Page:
City of Atlanta renews sister city ties to the French city of Toulouse

By Maria Saporta
Friday, December 3, 2010

The romantic history between Toulouse, France, and the city of Atlanta is being reignited during the France-Atlanta 2010 event taking place between Nov. 29 and Dec. 12.

The two weeks of scientific, business, cultural and humanitarian events were organized by the Consulate General of France in Atlanta and Georgia Tech.

Although the current mayor of Toulouse, Pierre Cohen, couldn’t come at the last minute, a large delegation from the French city visited with Atlanta Mayor Kasim Reed at Atlanta City Hall on Nov. 29.

Atlanta and Toulouse have a sister-city bond sealed by a three-generation love story.

Back in 1933, Irene “Renie” Dobbs went to Toulouse to study French. Her beau was Maynard Jackson, who followed her to Toulouse to court her.
The two were married in the Toulouse City Hall — Capitole — in the beautiful Hall of the Illustrious. One of their children was Maynard Jackson Jr., who became the first African-American mayor of Atlanta.

Years later, after her husband died, Renie Jackson returned to Toulouse to continue her study of French, bringing a couple of her younger children to live with her. Maynard Jackson Jr., who was older, did spend time in Toulouse on extended visits, when he became conversationally fluent in French.

So when Jackson became mayor in 1973, it made perfect sense for Toulouse to become one of Atlanta’s first international sister cities. Jackson and Toulouse Mayor Pierre Baudis signed the Sister City Proclamation on Dec. 17, 1974.
But the love story continued.

In 1993, during his third term as Atlanta’s mayor, Jackson and his wife, Valerie, went back to Toulouse, where they renewed their marriage vows in the same hall where his parents were married. They had been married 16 years.

And then came the third generation. After the former mayor passed away, his daughter, Valerie-Amanda, became engaged to her boyfriend in the very same Toulouse City Hall.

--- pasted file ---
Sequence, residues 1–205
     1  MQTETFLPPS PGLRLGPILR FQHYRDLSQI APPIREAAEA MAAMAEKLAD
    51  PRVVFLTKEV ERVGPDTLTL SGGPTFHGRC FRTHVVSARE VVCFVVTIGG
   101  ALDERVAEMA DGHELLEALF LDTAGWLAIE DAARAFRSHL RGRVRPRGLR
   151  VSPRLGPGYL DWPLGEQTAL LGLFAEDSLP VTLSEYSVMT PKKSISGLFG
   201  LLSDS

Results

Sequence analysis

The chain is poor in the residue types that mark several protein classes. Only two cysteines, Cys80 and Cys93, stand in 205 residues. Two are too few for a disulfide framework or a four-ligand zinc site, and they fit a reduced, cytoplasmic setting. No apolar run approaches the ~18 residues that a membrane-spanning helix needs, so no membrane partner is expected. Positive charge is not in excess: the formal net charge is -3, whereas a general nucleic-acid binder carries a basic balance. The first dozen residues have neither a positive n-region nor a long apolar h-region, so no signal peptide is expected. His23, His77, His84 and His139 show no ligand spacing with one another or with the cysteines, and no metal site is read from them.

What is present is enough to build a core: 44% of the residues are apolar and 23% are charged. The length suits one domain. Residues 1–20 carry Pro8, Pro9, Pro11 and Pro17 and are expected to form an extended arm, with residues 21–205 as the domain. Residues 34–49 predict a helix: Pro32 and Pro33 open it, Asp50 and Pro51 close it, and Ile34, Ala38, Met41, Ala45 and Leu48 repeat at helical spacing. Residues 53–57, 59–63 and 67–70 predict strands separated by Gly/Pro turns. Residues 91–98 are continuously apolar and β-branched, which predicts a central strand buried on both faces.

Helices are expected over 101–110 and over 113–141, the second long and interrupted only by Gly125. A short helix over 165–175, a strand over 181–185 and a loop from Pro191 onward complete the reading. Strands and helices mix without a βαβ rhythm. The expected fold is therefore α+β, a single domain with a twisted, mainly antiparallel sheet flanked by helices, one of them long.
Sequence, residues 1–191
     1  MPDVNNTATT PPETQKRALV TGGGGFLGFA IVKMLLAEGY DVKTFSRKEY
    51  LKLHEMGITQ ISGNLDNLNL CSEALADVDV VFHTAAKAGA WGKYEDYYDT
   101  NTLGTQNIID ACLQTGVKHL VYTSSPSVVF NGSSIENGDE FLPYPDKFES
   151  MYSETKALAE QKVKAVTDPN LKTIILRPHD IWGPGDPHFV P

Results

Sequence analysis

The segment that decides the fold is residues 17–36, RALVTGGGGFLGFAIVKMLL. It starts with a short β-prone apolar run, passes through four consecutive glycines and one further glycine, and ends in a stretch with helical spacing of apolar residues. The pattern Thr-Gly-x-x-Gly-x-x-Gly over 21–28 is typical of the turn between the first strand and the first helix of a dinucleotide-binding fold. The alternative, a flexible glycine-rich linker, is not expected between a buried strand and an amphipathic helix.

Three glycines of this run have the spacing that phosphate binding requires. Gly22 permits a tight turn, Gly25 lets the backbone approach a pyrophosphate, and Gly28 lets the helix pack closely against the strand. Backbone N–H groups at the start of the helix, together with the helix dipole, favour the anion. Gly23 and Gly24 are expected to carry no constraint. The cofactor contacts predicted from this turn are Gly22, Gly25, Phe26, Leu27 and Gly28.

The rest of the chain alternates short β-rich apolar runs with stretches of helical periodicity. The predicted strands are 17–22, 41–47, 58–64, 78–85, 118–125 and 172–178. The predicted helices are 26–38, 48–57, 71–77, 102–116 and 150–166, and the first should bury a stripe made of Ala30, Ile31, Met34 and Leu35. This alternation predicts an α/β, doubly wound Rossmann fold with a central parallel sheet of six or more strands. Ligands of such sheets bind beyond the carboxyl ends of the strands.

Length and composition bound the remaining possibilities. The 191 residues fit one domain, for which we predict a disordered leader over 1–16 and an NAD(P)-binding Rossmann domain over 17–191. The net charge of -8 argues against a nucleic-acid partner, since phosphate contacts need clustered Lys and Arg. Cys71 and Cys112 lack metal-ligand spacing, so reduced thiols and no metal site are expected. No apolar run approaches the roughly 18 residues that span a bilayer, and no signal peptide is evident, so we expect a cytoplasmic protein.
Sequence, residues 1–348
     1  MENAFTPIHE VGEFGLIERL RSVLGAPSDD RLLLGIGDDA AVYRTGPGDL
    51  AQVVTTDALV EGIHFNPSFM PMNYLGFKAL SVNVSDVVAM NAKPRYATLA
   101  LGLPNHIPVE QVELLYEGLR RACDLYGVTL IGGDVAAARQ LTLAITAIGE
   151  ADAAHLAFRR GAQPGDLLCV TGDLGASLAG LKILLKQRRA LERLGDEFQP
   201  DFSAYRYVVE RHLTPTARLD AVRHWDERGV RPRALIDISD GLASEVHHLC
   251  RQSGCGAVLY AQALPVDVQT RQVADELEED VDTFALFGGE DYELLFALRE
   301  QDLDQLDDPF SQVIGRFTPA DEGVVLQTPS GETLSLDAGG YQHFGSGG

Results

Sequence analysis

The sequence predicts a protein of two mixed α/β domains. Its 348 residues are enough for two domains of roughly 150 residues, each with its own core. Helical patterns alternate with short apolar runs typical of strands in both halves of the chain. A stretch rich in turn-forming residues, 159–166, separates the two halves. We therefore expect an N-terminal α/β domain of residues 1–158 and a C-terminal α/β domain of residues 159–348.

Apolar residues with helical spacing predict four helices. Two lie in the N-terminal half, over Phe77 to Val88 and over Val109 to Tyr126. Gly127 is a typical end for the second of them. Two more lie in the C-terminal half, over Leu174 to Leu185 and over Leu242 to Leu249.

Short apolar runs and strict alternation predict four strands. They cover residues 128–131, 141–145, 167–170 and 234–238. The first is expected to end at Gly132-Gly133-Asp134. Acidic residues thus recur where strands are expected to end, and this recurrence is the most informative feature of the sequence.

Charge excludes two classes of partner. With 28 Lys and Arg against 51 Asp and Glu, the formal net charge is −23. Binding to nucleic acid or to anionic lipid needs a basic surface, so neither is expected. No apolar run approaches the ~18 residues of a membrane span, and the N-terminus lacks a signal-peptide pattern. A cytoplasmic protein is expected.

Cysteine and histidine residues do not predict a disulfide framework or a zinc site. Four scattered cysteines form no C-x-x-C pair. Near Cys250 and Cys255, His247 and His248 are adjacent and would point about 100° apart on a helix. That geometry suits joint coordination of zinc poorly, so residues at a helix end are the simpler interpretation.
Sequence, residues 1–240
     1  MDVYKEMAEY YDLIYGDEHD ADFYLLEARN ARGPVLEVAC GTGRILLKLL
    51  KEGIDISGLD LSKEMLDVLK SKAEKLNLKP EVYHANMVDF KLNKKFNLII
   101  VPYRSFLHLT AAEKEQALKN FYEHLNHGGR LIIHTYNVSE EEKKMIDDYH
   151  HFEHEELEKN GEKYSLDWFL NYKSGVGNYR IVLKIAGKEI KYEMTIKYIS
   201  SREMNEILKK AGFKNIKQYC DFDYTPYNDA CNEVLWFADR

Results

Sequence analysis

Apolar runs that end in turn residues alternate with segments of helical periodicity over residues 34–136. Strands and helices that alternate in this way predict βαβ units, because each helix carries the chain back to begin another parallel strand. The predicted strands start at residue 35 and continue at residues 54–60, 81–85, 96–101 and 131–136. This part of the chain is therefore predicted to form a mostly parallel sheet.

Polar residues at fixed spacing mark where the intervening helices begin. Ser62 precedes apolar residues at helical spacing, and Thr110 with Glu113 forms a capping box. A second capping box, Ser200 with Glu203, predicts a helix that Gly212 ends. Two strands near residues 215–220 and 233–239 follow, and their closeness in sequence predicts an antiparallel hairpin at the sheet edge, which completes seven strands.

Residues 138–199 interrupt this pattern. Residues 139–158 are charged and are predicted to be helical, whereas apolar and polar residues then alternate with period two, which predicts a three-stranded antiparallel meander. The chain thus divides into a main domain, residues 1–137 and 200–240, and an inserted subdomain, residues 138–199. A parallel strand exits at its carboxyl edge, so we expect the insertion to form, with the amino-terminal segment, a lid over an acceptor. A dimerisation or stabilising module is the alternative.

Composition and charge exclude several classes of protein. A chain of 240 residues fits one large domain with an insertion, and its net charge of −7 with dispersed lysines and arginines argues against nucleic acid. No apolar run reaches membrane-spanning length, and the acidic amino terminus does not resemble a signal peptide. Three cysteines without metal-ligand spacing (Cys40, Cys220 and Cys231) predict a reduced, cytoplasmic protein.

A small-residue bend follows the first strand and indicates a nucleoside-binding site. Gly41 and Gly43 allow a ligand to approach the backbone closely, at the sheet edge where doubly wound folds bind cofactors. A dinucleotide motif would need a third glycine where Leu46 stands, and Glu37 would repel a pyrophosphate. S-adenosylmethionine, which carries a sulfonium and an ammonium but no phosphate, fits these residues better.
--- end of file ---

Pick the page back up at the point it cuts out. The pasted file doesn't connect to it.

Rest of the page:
Leading the delegation to Atlanta during France-Atlanta 2010 was Kader Arif, adviser to the mayor of Toulouse for international relations.

Both Reed and Arif pledged to renew the sister city ties between Atlanta and Toulouse — including building a stronger business and civic relationship between the two cities.

Arif said he was particularly interested in learning more about Atlanta’s Beltline project and its “tramway” project, as well as the city’s legacy in civil and human rights.

“Atlanta has a lot to teach us,” said Arif, who added that every year Toulouse high school students compete for the Martin Luther King Jr. prize, in which they are able to come to Atlanta for several weeks.

“I do believe there’s a great deal we can share,” said Reed, who suggested that he would love to see Atlanta students spend time in Toulouse. “There’s no question we would welcome a focus on Toulouse and France. That way, it would be an exchange rather than a one-way relationship.”

Both agreed that modern diplomacy can’t just be between federal governments, but between cities. Toulouse, the fourth most populous city in France with 750,000 residents, is the space and technology center of Europe with the presence of such major companies as Aerospatiale, Alcatel and Airbus.

“We must absolutely relaunch and re-energize the relationship,” Arif said.
“I want to make sure the relationship does not remain stagnant,” Reed agreed. “We must figure out how we are going to partner, to give real life to the relationship.”

Reed also told Arif that he was committed to enhancing the city of Atlanta’s international relationships, including its ties to Toulouse.

The former mayor’s widow, Valerie Jackson, remembered Toulouse with fondness.

“I would love to see a reinvigorated relationship, not only because of my history with Toulouse, but for both cities,” she said. “Toulouse itself is absolutely beautiful with its rose-colored buildings. It is just an exceptionally beautiful part of the world.”

Maria Saporta, Editor, is a longtime Atlanta business, civic and urban affairs journalist with a deep knowledge of our city, our region and state.  Since 2008, she has written a weekly column and news stories for the Atlanta Business Chronicle. Prior to that, she spent 27 years with The Atlanta Journal-Constitution, becoming its business columnist in 1991. Maria received her Master’s degree in urban studies from Georgia State and her Bachelor’s degree in journalism from Boston University. Maria was born in Atlanta to European parents and has two young adult children.

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